When the tsunami struck Boxing Day 2004, the world looked on in horror. As far as the eye could see, nothing but devastation.
The tsunami was a natural event, a shifting of tectonic plates, an earthquake deep in the ocean floor. The devastation it wrought was not a natural disaster, it was brought about by the greed of Man. Mangrove swamps had been destroyed, to be replaced by shrimp farms or holiday resorts for the wealthy to cavort. In those places where the mangroves remained, there was little damage.
Tsunami, brought a new word to English speaking lips.
Tsunami was one of the poems that Alwyn Marriage read at the Guildford Institute in Guildford one evening during the Guildford Book Festival.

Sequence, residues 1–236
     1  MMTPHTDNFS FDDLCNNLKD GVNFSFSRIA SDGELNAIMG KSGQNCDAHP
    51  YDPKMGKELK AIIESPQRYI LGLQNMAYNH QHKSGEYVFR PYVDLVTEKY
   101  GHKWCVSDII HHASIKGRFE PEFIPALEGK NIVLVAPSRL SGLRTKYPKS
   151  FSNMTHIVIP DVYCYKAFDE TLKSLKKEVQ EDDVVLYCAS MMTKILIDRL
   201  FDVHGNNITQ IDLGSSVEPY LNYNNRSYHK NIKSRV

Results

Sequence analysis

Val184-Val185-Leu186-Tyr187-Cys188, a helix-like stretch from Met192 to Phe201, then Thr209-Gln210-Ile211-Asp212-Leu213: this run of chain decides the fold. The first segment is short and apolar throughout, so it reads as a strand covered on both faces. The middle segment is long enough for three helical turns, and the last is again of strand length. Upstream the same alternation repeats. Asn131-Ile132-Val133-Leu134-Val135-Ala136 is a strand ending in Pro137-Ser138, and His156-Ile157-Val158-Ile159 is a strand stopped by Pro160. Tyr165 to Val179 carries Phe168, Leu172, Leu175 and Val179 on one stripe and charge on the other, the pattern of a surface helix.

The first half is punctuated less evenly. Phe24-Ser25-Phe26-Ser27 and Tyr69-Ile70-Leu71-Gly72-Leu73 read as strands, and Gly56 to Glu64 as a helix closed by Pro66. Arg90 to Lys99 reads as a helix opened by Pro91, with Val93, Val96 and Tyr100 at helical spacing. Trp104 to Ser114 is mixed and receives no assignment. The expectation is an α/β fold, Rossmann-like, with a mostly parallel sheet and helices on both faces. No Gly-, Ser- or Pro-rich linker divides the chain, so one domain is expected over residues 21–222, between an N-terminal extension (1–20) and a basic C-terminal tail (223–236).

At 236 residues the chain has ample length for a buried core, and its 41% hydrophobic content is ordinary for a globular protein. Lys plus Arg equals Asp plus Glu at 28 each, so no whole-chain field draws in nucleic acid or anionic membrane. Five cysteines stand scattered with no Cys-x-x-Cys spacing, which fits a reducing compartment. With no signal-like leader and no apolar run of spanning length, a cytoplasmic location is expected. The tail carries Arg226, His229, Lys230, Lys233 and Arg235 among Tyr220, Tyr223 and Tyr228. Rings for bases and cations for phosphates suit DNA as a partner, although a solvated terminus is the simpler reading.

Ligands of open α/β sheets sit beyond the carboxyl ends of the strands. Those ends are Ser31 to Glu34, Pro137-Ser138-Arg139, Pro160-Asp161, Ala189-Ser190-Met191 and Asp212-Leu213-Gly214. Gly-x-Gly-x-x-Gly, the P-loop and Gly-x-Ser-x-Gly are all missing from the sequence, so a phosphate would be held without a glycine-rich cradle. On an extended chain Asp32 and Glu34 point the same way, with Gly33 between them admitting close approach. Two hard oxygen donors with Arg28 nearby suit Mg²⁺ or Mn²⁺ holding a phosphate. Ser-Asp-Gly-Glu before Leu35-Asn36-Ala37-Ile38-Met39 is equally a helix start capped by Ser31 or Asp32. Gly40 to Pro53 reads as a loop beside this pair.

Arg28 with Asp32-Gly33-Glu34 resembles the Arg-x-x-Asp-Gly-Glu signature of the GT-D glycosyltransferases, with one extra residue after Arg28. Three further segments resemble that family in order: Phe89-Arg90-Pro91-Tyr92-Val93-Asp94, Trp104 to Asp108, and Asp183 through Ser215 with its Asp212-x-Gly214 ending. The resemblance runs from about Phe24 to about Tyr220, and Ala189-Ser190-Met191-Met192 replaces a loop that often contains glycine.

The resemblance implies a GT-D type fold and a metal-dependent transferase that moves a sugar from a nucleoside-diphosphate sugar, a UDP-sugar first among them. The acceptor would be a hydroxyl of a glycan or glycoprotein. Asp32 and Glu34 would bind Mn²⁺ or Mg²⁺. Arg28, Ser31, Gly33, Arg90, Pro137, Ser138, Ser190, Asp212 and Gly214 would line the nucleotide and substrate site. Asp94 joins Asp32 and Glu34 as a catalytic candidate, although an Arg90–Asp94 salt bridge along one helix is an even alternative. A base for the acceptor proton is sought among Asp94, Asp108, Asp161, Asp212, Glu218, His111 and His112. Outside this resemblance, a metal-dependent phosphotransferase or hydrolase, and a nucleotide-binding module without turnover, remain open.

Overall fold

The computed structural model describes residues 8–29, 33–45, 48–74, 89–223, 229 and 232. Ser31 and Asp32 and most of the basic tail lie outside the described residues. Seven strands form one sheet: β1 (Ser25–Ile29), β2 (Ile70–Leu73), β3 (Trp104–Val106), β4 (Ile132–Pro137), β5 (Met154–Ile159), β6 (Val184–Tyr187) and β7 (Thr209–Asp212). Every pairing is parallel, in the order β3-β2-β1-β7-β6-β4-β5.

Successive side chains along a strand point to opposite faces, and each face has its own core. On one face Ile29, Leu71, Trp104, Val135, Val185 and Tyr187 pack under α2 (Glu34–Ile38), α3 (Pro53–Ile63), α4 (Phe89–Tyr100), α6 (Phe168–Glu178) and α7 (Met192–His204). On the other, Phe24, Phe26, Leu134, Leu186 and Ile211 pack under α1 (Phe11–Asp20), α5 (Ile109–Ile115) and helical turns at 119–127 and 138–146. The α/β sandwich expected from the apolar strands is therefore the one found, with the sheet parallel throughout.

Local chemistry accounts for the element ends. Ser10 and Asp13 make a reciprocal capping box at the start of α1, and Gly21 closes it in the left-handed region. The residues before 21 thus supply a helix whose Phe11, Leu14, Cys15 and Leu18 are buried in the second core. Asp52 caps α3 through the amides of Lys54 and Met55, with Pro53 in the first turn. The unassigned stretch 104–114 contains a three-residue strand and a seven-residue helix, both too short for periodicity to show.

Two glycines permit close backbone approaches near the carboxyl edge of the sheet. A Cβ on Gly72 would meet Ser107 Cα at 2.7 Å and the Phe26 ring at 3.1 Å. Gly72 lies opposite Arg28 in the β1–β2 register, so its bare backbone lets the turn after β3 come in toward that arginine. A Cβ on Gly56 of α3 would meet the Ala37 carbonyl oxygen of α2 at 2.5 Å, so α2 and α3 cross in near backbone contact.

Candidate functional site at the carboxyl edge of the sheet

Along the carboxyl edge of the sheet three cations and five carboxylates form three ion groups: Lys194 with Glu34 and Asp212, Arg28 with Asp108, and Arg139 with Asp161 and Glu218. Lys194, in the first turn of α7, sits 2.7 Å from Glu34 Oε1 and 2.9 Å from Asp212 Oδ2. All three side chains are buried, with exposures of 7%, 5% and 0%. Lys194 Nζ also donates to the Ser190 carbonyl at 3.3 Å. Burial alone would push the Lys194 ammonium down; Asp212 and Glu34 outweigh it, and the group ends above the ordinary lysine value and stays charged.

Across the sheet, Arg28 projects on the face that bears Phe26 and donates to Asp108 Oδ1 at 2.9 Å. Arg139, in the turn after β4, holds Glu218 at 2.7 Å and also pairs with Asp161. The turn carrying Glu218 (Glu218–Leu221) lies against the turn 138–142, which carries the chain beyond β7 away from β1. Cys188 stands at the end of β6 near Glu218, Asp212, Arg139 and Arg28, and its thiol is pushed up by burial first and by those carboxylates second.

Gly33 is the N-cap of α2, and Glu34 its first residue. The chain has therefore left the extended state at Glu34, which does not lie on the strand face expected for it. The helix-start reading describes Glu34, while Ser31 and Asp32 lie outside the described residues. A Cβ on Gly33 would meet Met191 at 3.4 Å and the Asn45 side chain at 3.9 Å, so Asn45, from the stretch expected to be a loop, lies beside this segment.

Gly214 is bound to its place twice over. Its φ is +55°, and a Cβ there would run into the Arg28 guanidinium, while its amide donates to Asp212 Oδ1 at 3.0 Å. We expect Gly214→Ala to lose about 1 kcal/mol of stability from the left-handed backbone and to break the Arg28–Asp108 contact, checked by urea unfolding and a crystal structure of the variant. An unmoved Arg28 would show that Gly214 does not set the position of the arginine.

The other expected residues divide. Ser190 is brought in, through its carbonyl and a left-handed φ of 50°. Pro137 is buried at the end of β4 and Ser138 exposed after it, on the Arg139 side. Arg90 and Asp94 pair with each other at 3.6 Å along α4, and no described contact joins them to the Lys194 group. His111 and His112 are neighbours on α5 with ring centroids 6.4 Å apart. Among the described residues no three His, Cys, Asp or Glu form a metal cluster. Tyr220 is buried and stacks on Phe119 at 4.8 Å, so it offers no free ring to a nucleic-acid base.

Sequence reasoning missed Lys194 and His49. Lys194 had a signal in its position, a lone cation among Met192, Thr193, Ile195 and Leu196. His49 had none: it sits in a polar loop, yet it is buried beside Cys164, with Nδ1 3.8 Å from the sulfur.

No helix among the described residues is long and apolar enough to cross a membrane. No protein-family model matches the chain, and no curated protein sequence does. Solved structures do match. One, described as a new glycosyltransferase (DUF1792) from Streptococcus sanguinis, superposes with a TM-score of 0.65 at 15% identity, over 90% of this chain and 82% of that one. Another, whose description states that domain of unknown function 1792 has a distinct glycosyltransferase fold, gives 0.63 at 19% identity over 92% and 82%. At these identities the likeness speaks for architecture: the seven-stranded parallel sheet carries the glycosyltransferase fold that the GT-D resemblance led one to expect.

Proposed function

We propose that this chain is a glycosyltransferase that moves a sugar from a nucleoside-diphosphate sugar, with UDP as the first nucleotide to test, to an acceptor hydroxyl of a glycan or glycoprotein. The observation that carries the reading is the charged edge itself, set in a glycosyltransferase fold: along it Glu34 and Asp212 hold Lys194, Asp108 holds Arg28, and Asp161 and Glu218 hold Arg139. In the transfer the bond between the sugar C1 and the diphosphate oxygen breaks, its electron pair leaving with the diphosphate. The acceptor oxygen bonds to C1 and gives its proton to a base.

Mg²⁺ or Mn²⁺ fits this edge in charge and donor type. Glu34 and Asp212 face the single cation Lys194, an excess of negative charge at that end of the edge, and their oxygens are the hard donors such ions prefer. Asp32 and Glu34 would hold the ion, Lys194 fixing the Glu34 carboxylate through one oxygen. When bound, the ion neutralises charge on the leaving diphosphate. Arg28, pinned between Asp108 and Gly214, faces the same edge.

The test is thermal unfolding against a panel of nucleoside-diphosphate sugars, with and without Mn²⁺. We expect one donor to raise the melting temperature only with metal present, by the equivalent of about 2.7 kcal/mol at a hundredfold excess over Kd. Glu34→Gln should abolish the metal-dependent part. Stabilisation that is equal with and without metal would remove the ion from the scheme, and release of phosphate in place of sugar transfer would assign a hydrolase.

A new word,
savoured on the tongue
sweeps in, swamping languages
with all the inevitable
bitterness of brine.
At such apocalypse
the earth quakes and
the sea coughs up its dead,
choked on the horror of a force
not seen or understood.
Such indescribable malignity and might
requires a strange new
foreign word to bear
its drowning weight.
Reproduced by kind permission of Alwyn Marriage from her collection Touching Earth.